Amanchu! [Episode Two]
“The Story of Doing Something Bad With Hikari” may be our episode title, though I get the feeling this should be a tagline for the entire show.
The first day of school is the classic one to be nervous about, but in many respects it is the ones just after that which I have found even more. Seating arrangements, books, and other clerical bits are over. Then things resembling actual work start to get into gear. If you want to even tread water, you need to start making routines. Hikari has a modified a full fledged five step diving checklist of preparations before leaving her house. Futaba, by contrast, is still crawling around in bed while Hikari has made sure to leave extra early for the local bus. She does have a scooter of course, but the feeling is still clear. This may not be the first day in this unfamiliar place. But generating the willpower to tackle the one ahead does happen out of thin air either.
Hikari’s goal with her commute is to get off the bus well before the one in front of the school proper. This gives some texture to her character. When she has the time she likes to walk through the streets of shops still closed from the night before, taking in the scenic paths for morning healing time. She may be energetic and eccentric, but Hikari is not a full on bulldozer either. Which carries over into her immense embarrassment when she goes to press the call button to stop the bus. Someone else (her homeroom teacher, no less) hits it just before her. The crushing realization there were witnesses to her pushing her face into one window looking at ladybugs, switching seats to open a window, and so on. She may be prone to pushing herself on all cylinders, but I also get the feeling she wants to avoid inconveniences to others. Emotional exaggeration for comedic effect can be handy, sure. But selling Hikari as someone with some heavy self-critical (if only after the fact) awareness for some of her actions is an encouraging inroad.
What works for me a fair bit less is how on earth Hikari would ever be able to run any kind of street race against her teacher in those school uniforms. The lilac dresses look nice when folks are just sitting or standing around. They would be well suited to illustrations and posed merchandise. But they limit most leg movement to just one’s knees. So running requires these rather high knee swing angles with limited thigh motion. Which looks awkward over any distance longer than a short jog down a hallway, never mind suburban roads and forested areas. To be fair, the girls uniform at this school does require knee level boots with quite a heel on them. So in that respect there is a lot more foot support there than another series may provide. But those dresses are not designed for any serious active range of movement. This is not a huge knock, as once the diving takes more and more of a role the uniforms should appear less in “Action” scenes.
But it does put further highlights on just how functional (if mundane) the boy’s uniforms get to be.
The other major series of scenes this episode is where our title for the week comes from.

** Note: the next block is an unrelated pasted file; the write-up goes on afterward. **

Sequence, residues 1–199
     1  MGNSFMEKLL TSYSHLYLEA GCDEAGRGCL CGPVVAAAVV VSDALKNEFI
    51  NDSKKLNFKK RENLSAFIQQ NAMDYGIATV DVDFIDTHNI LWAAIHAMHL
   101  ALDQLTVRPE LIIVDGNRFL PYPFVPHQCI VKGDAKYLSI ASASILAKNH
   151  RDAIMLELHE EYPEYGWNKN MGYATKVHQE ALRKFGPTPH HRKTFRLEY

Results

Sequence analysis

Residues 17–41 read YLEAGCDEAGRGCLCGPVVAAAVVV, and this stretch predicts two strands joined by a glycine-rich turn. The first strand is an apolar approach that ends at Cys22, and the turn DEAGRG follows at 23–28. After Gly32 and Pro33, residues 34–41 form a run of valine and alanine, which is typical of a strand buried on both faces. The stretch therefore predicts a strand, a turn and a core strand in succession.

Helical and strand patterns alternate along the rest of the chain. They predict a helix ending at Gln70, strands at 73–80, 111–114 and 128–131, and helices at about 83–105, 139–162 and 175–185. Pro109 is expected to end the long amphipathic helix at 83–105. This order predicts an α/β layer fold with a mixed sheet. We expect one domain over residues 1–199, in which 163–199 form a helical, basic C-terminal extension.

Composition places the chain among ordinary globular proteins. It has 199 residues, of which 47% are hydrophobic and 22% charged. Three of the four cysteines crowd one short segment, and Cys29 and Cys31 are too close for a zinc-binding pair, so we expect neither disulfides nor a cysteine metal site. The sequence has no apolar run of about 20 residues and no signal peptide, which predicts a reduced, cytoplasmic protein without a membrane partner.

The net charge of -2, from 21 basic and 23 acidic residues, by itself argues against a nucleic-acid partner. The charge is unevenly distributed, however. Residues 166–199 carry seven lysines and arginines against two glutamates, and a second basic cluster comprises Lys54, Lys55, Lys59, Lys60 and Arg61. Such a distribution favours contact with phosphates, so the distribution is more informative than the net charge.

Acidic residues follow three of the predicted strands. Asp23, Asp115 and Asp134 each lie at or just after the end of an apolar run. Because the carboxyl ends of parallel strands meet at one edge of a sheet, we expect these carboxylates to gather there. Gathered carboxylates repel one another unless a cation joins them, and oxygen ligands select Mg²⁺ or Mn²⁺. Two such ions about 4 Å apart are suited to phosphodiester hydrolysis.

Breaking into the Diving Club storage and meeting room, even though the activities fair or trial period for extracurriculars have not yet begun.
I made a crack in the first episode about how Futaba’s expected arc would lead her to finding Hikari to be less like an alien over time. I seem to have been closer to the thematic mark than I would have thought. Talk turns to astronaut zippers, being in unfamiliar worlds, and the watery origin of life itself. More crucial than this though, Futaba’s anxiety range is also running rampant. She could have gone straight home after school, yet when she spots Hikari doing obvious scouting of the school yard she heads on over to her. She worries about breaking into the club room. About borrowing one of the dive suits in secret. The idea of using said swiped dive suit, which she is already wearing, in the unattended school pool. All this is without permission to the extreme, as she flips between the worried part of brain and the part saying it feels good. Each violation feeling freeing or embarrassing for a moment, before a new fear arises.
This all dovetails in terrific fashion with the visual direction of Futaba at the pool. The execution of this scene is excellent. This is the important first time we see her enter water in this show, and it drives home all the scattershot emotions in her head.
Camera angles go all over the place here, for good reason. The immense sense of distance, as we see long stretches of hard concrete with no water. Hikari and Futaba being on different elevations, one reaching out to the other. In the case of diving, going “down” would be akin to lifting another “up” in most other framing senses. Zipping in so close to Futaba to the point we can not find her gaze. Reframing her same sitting position, so almost everything in the shot is now the soft mirrors of welcoming water rather than a concrete desert. Swinging things into a fisheye lens mode when she does decide to jump in. Hurling the camera itself deep into the pool as the two float on.
Things are different now.
A lot happened for Futaba, even if she did not move much in the physical sense.
Bits and pieces of this part of the episode were all over Amanchu!’s promotional trailers, and taken alone I can see why. It is a strong visual sequence. A lot of care applied to do these events right. In context with the rest of the show, fusing all this with the mixed up emotional state of a character is a robust package.
These two have a long way to go together. And like the camera sinking in the pool, they will dive deeper.